There is an introductory adventure included which does a lot, I think, to set the tone of the game apart from the standard fantasy RPG tropes. Itâ€™s a hotel-set scenario called â€œThe Blancmange & Thistleâ€ and it is like some kind of madcap, farcical cross between Lewis Carroll, classic Warhammer Fantasy adventures like A Rough Night at The Three Feathers and Discworld. PCs arrive at the titular hotel and are trying to make it to their sixth floor room. Thatâ€™s the adventure. There are Mandrill bellhops, a sweet old lady met in an elevator offering up magical bonbons, a stairwell full of spiteful owls, and a raging rooftop party. It is stuffed to bursting with plenty of foundational hooks for future Troika adventures.
Troika is loose, freeing, and unafraid to let a GM and the players run amuck with wild ideas without stiff rules or fake histories interfering with the joy of creating a bespoke science-fantasy world. But it does require that both the GM and the players be up for a potentially more absurd, more whimsical, and more unfettered experience than what many RPGs offer. Iâ€™ve found that it suits the kinds of games I like to run the best, because for the most part I believe that RPGs are as much about improv comedy as they are about heroic adventure bullshit. Iâ€™ve also found that Troika is great to run for kids or very inexperienced role-players. These kinds of players are more likely to appreciate the leeway they are given and are much less likely to be fussed that one character background is unbalanced or that a turn of events doesnâ€™t make logical sense.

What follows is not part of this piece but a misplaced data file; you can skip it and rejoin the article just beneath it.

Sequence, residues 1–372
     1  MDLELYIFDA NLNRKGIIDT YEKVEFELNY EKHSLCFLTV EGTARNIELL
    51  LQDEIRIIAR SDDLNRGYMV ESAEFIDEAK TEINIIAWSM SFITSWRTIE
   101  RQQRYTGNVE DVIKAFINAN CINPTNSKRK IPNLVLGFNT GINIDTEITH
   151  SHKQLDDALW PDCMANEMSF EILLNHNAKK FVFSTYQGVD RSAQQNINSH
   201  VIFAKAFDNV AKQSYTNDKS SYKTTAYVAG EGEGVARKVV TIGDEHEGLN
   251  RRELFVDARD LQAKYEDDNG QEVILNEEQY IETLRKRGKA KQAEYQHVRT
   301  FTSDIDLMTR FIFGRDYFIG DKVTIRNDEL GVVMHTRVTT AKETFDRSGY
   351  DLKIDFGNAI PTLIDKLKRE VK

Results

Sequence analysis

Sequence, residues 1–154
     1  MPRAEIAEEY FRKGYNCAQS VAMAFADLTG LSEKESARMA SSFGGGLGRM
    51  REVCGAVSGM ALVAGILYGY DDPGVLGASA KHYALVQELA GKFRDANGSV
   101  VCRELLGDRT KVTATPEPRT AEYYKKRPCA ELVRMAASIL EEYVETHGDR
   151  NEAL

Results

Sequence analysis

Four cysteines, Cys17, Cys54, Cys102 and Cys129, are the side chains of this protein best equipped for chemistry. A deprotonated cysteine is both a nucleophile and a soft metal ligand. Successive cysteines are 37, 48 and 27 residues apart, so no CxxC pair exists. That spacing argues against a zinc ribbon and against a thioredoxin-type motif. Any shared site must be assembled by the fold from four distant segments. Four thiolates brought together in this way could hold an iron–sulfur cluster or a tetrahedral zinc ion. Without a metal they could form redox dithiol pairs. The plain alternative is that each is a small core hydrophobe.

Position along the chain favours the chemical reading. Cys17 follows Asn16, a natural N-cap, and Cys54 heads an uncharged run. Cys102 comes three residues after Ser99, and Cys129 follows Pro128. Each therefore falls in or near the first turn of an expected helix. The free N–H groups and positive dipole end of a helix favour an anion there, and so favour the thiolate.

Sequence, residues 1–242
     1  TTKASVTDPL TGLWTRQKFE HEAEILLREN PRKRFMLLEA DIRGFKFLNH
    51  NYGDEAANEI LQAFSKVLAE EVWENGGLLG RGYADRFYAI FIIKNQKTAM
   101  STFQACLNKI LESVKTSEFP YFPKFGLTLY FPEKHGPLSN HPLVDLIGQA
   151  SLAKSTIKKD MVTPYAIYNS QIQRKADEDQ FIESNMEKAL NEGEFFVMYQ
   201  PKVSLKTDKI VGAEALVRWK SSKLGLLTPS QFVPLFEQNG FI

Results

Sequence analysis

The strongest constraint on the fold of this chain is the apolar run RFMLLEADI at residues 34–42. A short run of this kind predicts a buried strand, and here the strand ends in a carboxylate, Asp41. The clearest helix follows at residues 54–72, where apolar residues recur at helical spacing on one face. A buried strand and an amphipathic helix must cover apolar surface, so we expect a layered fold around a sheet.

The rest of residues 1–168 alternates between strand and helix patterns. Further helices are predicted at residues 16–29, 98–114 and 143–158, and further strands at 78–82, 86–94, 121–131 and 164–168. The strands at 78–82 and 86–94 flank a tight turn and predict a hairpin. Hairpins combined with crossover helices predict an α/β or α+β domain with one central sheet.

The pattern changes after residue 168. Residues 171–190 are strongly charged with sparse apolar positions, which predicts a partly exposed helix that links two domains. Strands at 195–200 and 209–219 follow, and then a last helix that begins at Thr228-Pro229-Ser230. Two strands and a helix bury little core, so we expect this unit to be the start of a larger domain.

The new second printing of Troika is out there now (I recommend buying direct from the publisher or Exalted Funeral), and itâ€™s a lovely book with clean design and some outstanding illustrations including several from Dirk Detwiler Leitchy, one of my favorite RPG illustrators currently working. They also did that cool thing where helpful tables and information are printed in the inside covers. Definitely one of the top titles in the current RPG renaissance that is going on right now.
Now, Melsonian has also just released Luke Gearingâ€™s Acid Death Fantasy. The title alone made this one a must-have as far as Iâ€™m concerned because it more or less sums up exactly my tastes. This is a 45 page hardcover that is something of a setting book for Troika but perhaps â€œinspiration bookâ€ is more appropriate, all things considered. I think there is a big miss here in that this book doesnâ€™t have a introductory scenario like â€œThe Blancmange & Thistleâ€, because this book really takes Troika into a different â€“ and more specific - direction while still carrying forward that â€œedge of specificityâ€ design brief. I really would like to have had a kick-off scenario here if only to have something ready to play out of the gate.
Whatâ€™s here though, is gold. This post-apocalyptic world sits somewhere between Dune, Dark Sun, and Jean-Girard Moebius. So, frankly speaking, Mr. Gearing had me from page 1. By page 2 he was done describing the setting of Acid Death Fantasy and I was left to my own devices. But there is a little more to work with in terms of raw materials â€“ just donâ€™t expect detailed dungeon maps, extensive descriptions of the Thousand Sultanates, city descriptions and so forth. Thereâ€™s a rough map and a â€œstuff to doâ€ list of potential activities, and of course lots of nuance and subtle detail comes out in the list of PC backgrounds (all of which are compelling) and a new bestiary. There are other places to find nuggets of inspiration for storylines, plot hooks, or random weirdness, such as a â€œCurrent Fad of the Momentâ€ and a â€œTrouble Afootâ€ table.